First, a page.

The Chinacos were using a flat hat similar to the Andalusian. Long trousers of blanket covered by another trousers opened of the exterior sides which were buttoned by a set of buttons that gave place whom later there have used the charros themselves who in those days had an apparel similar to that of the chinaco, but more ostentatious.
With the Mexican Revolution this gown "was" "democratized" and spent to being the national pomp.
The famous hat, it is done of felt of wool, of hair of hare or of straw of wheat and is an authentic protection for the brilliant Sun of Mexico and for the fall from the loin of a horse. Because of it the charro's real hat is of broad wing, raised of the later part; it goes in the glass four "blows" that give him resistance in case of impact. For this last case there is better the made hat of palm, which is more solid without being too heavy.
In agreement to the region he presents variants: in the driest zones, the wing is broader that in the wooded zones, and in those with major dampness, the materials are fresher and light than in the high land.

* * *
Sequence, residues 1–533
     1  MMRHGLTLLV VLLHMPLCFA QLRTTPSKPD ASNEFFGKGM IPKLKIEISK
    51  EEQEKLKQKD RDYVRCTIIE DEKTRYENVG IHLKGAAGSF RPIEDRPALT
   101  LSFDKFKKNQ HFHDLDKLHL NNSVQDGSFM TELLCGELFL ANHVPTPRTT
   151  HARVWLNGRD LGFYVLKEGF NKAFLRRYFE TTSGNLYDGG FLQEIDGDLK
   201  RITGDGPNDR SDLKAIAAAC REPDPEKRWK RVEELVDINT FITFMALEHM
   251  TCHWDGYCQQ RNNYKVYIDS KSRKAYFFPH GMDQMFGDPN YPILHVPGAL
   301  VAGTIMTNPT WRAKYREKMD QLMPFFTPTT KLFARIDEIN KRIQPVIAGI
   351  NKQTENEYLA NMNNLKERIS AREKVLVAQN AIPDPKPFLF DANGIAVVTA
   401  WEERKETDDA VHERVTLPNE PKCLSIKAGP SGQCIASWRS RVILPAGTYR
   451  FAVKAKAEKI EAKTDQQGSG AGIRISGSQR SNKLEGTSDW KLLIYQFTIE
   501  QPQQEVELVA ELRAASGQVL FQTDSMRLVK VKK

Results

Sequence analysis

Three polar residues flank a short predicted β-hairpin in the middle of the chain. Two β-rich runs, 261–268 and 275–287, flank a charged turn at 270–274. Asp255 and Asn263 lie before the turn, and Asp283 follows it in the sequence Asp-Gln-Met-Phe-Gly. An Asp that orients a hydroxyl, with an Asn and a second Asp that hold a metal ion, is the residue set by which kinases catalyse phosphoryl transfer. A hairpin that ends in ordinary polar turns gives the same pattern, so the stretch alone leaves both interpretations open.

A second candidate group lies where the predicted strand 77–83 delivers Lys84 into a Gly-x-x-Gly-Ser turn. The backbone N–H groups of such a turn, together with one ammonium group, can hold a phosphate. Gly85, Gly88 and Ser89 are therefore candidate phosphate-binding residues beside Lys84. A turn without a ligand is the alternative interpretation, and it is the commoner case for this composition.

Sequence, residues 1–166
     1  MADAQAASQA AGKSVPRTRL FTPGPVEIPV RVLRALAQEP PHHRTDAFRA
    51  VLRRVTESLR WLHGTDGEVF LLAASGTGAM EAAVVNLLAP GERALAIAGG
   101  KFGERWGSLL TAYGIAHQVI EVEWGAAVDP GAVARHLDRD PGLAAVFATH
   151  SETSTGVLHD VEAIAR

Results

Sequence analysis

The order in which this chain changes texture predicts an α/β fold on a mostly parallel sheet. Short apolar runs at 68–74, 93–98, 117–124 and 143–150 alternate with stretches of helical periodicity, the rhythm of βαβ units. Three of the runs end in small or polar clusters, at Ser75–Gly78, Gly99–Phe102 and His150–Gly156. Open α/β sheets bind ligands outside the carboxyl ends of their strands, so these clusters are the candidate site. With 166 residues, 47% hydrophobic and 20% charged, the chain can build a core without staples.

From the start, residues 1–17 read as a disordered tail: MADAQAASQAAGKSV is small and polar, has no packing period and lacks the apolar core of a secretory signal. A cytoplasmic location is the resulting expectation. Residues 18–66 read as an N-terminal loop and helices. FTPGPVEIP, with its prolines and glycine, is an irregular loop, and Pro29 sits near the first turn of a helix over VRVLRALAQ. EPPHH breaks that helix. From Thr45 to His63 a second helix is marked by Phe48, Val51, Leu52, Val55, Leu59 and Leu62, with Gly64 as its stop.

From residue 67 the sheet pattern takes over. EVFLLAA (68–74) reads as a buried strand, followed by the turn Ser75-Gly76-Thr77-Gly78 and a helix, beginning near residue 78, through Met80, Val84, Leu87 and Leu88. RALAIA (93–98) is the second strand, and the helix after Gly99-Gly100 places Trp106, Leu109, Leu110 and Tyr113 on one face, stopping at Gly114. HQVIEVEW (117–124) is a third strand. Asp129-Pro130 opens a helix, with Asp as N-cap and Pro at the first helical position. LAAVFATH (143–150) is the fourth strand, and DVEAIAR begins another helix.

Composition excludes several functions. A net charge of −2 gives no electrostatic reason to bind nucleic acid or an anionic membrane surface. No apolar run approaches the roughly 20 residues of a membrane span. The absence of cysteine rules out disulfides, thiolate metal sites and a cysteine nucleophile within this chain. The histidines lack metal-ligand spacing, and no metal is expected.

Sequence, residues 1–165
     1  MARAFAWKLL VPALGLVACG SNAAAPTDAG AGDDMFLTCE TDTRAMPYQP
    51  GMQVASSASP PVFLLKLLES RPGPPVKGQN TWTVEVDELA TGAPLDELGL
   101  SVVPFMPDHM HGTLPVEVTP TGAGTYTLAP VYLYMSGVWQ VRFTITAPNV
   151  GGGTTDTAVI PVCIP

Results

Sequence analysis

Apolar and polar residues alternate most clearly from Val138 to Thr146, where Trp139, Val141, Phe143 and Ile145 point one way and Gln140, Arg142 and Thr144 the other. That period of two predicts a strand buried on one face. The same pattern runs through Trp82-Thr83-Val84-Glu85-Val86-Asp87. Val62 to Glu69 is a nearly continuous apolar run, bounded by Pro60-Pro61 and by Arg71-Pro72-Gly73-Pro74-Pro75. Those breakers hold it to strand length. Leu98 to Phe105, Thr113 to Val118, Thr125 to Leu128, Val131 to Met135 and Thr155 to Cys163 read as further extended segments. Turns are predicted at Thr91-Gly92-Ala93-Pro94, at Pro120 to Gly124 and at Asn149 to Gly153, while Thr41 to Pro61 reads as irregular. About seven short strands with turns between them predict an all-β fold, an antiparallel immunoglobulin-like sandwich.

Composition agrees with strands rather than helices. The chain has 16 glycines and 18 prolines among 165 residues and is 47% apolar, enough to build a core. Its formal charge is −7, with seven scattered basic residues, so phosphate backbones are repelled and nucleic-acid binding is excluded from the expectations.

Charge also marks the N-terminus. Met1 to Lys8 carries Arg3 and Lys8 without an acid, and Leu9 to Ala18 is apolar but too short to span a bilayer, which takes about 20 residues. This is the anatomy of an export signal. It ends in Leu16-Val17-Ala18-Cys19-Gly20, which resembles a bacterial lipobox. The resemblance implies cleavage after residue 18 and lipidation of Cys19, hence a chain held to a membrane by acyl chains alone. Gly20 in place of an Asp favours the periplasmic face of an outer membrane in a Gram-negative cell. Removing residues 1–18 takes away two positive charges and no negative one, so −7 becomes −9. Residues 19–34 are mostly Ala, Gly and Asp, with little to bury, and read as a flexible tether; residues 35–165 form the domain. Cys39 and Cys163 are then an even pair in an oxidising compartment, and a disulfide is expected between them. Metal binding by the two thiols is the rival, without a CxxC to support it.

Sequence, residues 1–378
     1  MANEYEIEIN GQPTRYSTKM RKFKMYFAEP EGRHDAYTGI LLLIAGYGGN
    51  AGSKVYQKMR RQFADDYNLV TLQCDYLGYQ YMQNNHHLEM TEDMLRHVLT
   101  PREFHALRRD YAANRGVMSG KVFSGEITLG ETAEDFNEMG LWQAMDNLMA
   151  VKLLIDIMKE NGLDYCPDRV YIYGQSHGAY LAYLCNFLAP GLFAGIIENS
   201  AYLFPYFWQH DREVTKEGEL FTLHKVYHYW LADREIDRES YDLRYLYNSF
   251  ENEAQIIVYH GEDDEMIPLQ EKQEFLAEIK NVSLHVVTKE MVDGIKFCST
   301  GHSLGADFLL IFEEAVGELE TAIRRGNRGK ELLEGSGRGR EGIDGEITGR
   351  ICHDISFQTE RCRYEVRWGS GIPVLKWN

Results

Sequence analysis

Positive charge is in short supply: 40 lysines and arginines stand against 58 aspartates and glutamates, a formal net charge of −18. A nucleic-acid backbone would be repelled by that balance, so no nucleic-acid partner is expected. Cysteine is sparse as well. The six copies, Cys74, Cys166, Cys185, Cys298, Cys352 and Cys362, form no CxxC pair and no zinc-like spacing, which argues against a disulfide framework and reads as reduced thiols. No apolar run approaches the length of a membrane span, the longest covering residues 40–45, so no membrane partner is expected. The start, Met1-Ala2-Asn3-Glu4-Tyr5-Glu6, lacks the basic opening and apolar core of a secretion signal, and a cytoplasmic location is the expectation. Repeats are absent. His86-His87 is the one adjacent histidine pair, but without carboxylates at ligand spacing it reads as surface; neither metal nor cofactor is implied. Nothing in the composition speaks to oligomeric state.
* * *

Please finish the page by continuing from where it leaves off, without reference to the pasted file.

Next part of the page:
They are in the habit of making up generally with shawls and embroidered or "soaked" edges. The most secondhand types of hat are: the " San Luis Moderado ", "Flashily dressed", "Cocula", "Hacendado", etc.
A hat of real charrogets about itself to do with specialized craftsmen and is very different from the one that sells in the shops of "souvenirs" for tourists.
More uses of the hat can be added charro. For whom they have used it they know the multiple uses and benefits of his design. Some of them can be: not only it covers of the brilliant Sun but equally of the wind and, especially, of the powder; with him a fire is stoked since it goes out if the field is ignited; a viper is stunned and then one kills her, protecting of his mortal graft; A nice throw is realized to a fighting bull who goes out for the mount and one avoids him; him there are given something to drink a cuaco or to hundred that existed; the anonymity is covered before a throw of love or of getting away itself from an enemy; it is in use as shield in the defense of an assault to machete or razor, taking it of the barbiquejo; it covers marvellously of the rain that, with sleeve of straw or canvas ahulada, is the best umbrella afoot or astride; in jaripeo, especially of bulls zebu, it protects of the dangers of a gore and, in case of fall, does the times of hull; and other uses that they might add for whom we have used it in the field.